The sun is low in the southwest, nearly its lowest point for the year. It bears down on the rooftops and seems to set the houses afire. The light is turning yellow, and long shadows fall across the white snow where a rabbit, half buried, nibbles on a twig. The peregrine falcon that lives in our neighborhood circles some blocks away, and I watch her now as she crosses from south to north, her black body tracing a catenary arc across the blue canvas. I saw her take a pigeon down to the yard next door one day. Peregrine falcons stake out a large territory, so I known it’s her and not another. They’re the fastest animals on earth. She can hit seventy miles an hour in cruising flight, and when she commences her stoop to catch a pigeon in flight, she’ll dive from half a mile up, reaching 200 miles an hour as she hits her prey and breaks its back. She was ripping apart the pigeon’s breast when I opened the window to try to take a photograph, and she lifted off on slow wings, with the limp body in her talons trailing gray feathers. She has no predators, but there’s plenty of prey. Ours is a college town of city pigeons. This world is hers.


        I do not know by what right I continue to walk this earth. I wonder about it all the time. It’s three in the afternoon, and I can continue writing, or I can get up and do something else instead. I could go to a movie or play chess or plan a vacation or call my friends on the phone just to talk to someone. But I have a deep sense that writing is what has kept me here, kept me safe from electron bombardment and dissaray and alien abduction and insanity. Writing is what allows me now to sit on this side of the glass looking out at the snow instead of having things turned the other way around. I don’t know if I chose writing or if writing chose me, but in all the work I sensed nothing heroic. I love to do it–have to do it–and pursuing that path put me here in this spot at this moment. It feels as if it was not my doing. I was just lucky. Very lucky.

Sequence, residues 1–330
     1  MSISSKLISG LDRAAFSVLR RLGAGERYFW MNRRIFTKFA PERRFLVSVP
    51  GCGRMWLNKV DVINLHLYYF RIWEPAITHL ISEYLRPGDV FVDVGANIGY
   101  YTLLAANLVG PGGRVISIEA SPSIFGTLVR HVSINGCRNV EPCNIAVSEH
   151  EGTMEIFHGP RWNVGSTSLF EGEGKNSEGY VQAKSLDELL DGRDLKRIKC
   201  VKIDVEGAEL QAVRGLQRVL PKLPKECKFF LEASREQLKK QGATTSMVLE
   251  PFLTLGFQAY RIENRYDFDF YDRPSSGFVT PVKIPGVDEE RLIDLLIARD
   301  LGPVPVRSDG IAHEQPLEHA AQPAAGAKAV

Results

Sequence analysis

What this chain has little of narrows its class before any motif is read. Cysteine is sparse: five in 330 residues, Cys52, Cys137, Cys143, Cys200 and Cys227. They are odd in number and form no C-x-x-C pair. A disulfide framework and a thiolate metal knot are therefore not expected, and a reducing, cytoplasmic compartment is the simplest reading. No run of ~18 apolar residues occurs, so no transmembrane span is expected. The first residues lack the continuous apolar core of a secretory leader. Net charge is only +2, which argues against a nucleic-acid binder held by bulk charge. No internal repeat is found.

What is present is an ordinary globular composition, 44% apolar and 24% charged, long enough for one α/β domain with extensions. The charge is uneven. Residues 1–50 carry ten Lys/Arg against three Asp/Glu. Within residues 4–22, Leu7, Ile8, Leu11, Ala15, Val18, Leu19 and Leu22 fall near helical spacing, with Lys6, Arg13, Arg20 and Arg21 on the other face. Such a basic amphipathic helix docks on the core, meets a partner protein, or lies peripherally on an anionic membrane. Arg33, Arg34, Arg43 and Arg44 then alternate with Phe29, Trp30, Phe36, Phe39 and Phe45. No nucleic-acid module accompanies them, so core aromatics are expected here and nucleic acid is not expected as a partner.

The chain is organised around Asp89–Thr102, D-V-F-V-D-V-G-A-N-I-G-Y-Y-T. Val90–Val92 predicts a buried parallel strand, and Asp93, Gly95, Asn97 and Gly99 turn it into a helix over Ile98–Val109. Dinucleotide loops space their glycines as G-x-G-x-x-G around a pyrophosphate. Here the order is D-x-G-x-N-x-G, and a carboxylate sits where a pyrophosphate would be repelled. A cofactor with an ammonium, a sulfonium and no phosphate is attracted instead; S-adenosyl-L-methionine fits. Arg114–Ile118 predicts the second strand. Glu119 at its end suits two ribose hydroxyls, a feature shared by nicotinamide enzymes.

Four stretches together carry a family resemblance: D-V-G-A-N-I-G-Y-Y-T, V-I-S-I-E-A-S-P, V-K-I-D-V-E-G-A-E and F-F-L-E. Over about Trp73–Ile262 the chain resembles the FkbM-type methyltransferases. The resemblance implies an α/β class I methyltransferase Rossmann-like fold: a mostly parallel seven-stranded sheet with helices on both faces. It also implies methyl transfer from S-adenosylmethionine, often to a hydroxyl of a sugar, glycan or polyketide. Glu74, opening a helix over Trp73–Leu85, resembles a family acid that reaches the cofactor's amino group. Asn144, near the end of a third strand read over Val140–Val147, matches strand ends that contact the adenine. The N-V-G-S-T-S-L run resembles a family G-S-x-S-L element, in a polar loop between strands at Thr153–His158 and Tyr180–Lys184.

32. Persevering (héng). Duration

No blame. Perseverance furthers.


        The falcon disappears behind the houses. A stately American Airlines ship, creamed with yellow light, heaves into view from the northeast and lowers toward the sun, leaving a trail of ice crystals behind it. It’s engines are howling a ceramic ringing song. The falcon reappears, circling back north, watching, taking it all in. What is she doing up there? She can’t eat all day long, yet I see her at all times of the day.


        Just before evening, the crows all gather in a big naked elm with a mange of snow on its flank, and they laugh and jabber with one another. The crows are the really smart ones. They don’t hunt. They listen and watch and wait for others to hunt and then eat what they leave. In this neck of the woods, they eat the squirrels that are run over by cars and the garbage that the squirrels ferret out of the cans and spill in the alleyways. And they laugh at the falcon, so sharp and sleek. The falcon is up there for everyone to see. She doesn’t have to hide. She’s so fast that it doesn’t matter if you see her or if you don’t, she’ll get you either way. The crows. I like the crows. They sit there and take it all in. And then they laugh.